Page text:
PAs should discuss their professional obligation to abide by the Code with their clients, including the obligation to respond to NOCLAR or suspected NOCLAR. If there is a contractually negotiated confidentiality clause (as opposed to confidentiality imposed by law or regulation), it would

be advisable to include a clause making it clear that such a confidentiality clause would be subject to the PA’s obligation to comply with the Code. For existing contracts signed before the NOCLAR

provisions come into effect, PAs should consider whether amendments are advisable or practicable.

Keep in mind that the NOCLAR provisions in the Code became effective on 15 July 2017.

Question 5. If the professional accountant was aware of a non-compliance or suspected non-compliance before the effective date, what duty does the professional accountant have to respond in accordance with section 225 or section 360 of the Code (as applicable)?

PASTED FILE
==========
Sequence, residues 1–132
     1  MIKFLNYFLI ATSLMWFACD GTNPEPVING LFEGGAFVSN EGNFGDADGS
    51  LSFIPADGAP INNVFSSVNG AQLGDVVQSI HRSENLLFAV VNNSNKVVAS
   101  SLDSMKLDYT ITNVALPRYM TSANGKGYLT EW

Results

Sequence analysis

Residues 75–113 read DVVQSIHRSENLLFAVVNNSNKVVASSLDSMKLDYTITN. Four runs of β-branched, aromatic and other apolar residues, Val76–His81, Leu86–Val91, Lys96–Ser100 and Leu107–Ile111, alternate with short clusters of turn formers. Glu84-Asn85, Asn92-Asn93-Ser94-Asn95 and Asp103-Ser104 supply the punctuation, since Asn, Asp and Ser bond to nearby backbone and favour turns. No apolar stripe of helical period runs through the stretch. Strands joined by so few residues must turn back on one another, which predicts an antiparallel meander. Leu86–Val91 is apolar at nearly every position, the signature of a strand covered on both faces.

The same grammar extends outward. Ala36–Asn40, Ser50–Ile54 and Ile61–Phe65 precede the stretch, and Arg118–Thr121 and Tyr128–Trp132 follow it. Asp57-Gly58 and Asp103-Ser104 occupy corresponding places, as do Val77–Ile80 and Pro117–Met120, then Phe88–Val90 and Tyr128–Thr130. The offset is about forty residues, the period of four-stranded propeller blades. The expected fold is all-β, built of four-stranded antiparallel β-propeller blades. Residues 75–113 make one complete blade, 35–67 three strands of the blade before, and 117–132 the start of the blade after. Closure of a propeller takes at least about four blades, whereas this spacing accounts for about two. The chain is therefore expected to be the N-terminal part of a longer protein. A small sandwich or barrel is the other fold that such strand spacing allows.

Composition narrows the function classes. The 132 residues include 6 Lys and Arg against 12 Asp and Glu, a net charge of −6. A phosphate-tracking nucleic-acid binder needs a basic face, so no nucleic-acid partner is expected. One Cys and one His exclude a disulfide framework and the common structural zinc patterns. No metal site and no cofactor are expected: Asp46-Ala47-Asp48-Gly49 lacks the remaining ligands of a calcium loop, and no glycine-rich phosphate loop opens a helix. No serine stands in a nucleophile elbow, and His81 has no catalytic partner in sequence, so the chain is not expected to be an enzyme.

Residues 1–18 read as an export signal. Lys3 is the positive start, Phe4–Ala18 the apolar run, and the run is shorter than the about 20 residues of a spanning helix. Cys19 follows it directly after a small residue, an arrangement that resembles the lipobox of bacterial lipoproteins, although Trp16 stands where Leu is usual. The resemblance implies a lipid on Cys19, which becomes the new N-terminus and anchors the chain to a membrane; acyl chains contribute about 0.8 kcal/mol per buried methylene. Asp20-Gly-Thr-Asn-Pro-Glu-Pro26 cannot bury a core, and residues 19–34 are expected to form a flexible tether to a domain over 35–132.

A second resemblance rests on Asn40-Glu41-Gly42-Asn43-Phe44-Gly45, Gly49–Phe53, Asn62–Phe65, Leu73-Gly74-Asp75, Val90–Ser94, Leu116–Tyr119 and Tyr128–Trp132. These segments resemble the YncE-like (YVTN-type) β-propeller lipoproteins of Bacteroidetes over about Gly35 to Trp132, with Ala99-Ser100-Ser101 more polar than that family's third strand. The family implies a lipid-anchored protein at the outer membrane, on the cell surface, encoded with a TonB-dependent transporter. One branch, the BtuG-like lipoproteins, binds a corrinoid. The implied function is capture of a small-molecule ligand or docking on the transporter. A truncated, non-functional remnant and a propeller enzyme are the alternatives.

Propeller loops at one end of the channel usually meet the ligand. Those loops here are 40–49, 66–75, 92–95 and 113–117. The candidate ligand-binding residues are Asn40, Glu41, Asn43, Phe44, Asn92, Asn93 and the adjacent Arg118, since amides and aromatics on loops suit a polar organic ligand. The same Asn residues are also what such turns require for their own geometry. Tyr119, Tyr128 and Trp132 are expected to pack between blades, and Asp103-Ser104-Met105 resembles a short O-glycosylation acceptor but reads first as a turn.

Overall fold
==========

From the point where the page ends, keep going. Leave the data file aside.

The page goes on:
A. The professional accountant is not required to respond in accordance with section 225 or section 360 of the Code (as applicable) to any non-compliance or suspected non-compliance if the professional accountant became aware of this before 15 July 2017. The applicable sections of the Code require a response in relation to NOCLAR or suspected NOCLAR which the professional accountant becomes aware of on or after 15 July 2017.

Question 6. If the professional accountant was aware of a non-compliance or suspected non-compliance before the effective date and the non-compliance or suspected non-compliance continues after the effective date, what duty does the professional accountant have to respond in accordance with section 225 or section 360 of the Code (as applicable)?

A. The effective date refers to the point in time when the professional accountant becomes aware of the NOCLAR or suspected NOCLAR and not when a particular act of omission or commission had been committed.

 To illustrate, if an act of NOCLAR had been committed by a client before 15 July 2017 and the professional accountant in public practice became aware of the NOCLAR before15 July 2017, the professional accountant will not be required to respond in accordance with section 225 of the Code (although he/she may still have chosen to do so, owing to the fact that early adoption of the NOCLAR provisions was permitted). However, if the professional accountant, for the first time, became aware of the NOCLAR after 15 July 2017, a response in accordance with section 225 will be required.